Fruit juice isn’t as healthy as it may seem

 
By Michelle Champalanne • Published: May 12th, 2014
Category: Health in a Heartbeat
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An apple a day may keep the doctor away, but the same doesn’t go for apple juice. In fact, a recent study from Scottish researchers shows that fruit juice could be just as bad for you as other sugary beverages, like carbonated drinks or even sodas.

Unlike sodas, most fruit juices offer the healthful promise of a serving of fruit in each glass. But many of these juicy drinks have a whopping amount of sugar loaded in each serving. Researchers say getting your serving of fruits and vegetables from a fruit juice may even be counter-productive.

Researchers in the U.K. are now saying that fruit juice should be excluded from the list of fruits and vegetables that count toward the country’s current “five a day” guideline.

Their study found that just one glass of juice contains substantially more sugar than a single piece of fruit — and the healthy benefits found in whole fruit, like fiber, are found in smaller amounts with fruit juice.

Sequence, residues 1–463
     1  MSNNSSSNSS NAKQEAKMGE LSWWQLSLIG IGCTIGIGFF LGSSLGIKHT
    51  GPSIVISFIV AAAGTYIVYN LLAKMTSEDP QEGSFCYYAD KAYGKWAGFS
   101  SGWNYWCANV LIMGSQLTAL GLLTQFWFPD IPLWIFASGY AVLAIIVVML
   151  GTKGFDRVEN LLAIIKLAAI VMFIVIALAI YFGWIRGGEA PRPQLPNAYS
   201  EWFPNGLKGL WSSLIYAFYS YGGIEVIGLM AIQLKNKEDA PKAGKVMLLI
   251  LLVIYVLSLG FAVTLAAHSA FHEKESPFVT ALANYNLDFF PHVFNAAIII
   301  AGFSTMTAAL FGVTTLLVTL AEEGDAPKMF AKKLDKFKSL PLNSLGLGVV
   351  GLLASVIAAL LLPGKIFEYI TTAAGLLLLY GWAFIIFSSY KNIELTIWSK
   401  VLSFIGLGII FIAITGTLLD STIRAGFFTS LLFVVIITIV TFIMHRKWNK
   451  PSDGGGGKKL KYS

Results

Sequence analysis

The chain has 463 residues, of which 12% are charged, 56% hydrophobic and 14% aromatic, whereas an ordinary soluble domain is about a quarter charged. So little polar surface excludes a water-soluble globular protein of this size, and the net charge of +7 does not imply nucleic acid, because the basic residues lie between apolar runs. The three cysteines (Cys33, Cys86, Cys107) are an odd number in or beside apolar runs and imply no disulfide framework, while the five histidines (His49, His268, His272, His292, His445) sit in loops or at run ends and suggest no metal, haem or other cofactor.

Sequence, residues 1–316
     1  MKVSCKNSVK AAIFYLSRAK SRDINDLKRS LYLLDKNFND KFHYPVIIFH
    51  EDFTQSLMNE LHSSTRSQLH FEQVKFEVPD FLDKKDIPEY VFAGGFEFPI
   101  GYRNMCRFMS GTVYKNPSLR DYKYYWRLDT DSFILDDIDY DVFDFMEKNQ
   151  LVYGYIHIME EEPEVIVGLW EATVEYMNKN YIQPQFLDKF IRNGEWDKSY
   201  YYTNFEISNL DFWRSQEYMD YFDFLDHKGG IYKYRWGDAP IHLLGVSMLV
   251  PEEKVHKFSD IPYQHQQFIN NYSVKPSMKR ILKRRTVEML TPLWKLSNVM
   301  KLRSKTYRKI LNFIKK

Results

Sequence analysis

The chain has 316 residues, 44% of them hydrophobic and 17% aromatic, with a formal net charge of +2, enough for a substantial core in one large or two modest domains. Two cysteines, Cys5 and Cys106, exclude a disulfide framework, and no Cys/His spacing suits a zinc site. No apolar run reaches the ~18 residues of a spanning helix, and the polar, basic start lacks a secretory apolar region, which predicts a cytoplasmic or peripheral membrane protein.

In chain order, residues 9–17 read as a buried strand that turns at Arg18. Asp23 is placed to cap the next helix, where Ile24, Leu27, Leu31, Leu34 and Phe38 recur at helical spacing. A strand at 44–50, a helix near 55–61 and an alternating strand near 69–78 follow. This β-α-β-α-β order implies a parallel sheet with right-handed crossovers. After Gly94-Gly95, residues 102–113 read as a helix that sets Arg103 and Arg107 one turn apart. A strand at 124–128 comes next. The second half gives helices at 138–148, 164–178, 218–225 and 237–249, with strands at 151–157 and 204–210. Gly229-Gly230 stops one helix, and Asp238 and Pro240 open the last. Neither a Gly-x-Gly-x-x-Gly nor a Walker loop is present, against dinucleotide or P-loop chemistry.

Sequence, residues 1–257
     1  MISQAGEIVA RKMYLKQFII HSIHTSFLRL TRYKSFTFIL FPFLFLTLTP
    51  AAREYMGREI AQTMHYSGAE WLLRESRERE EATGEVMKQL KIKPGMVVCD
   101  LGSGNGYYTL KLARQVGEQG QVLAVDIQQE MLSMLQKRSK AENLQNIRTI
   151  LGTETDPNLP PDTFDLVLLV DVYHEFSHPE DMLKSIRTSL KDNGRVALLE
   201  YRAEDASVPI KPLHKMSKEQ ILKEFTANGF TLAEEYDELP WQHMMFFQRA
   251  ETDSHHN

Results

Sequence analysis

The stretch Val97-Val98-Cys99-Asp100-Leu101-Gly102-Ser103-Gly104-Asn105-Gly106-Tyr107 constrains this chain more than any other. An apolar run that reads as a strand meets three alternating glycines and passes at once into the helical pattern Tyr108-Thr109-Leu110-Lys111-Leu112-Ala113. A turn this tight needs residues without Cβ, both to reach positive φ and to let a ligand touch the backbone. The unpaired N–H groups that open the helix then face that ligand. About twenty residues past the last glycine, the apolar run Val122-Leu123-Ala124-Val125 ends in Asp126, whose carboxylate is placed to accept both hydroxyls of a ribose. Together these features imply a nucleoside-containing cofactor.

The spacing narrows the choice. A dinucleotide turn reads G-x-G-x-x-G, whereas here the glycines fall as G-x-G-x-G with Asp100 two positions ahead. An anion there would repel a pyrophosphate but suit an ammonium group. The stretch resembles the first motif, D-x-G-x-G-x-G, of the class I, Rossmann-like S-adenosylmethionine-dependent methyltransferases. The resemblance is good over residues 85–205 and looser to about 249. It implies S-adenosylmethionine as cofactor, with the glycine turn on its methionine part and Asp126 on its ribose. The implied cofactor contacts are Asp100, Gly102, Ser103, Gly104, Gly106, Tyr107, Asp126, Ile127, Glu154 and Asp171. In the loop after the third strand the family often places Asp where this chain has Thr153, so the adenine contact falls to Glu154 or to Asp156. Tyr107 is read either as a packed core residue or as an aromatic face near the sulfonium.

Researchers say the nutrients included in fruit juice may not be enough to counteract the unhealthy effect that excessive consumption has on metabolism.

The study found a majority of the public is unaware just how much sugar is in fruit juices.

According to the study, a widespread belief that fruit juices are a low-sugar alternative to sodas causes people to consider fruit juice as a healthy food that does not need to be limited. But experts say too much fruit juice could lead to too much sugar intake, as well.

Other recent studies have also shown a link between sugar intake and heart disease.

In 2012, researchers at Harvard reported that a daily consumption of sugary drinks raised the risk of heart disease in men.

Researchers urge people to consider fruit juice as a sugar-sweetened drink, and not a healthier alternative to soda. Water, anyone?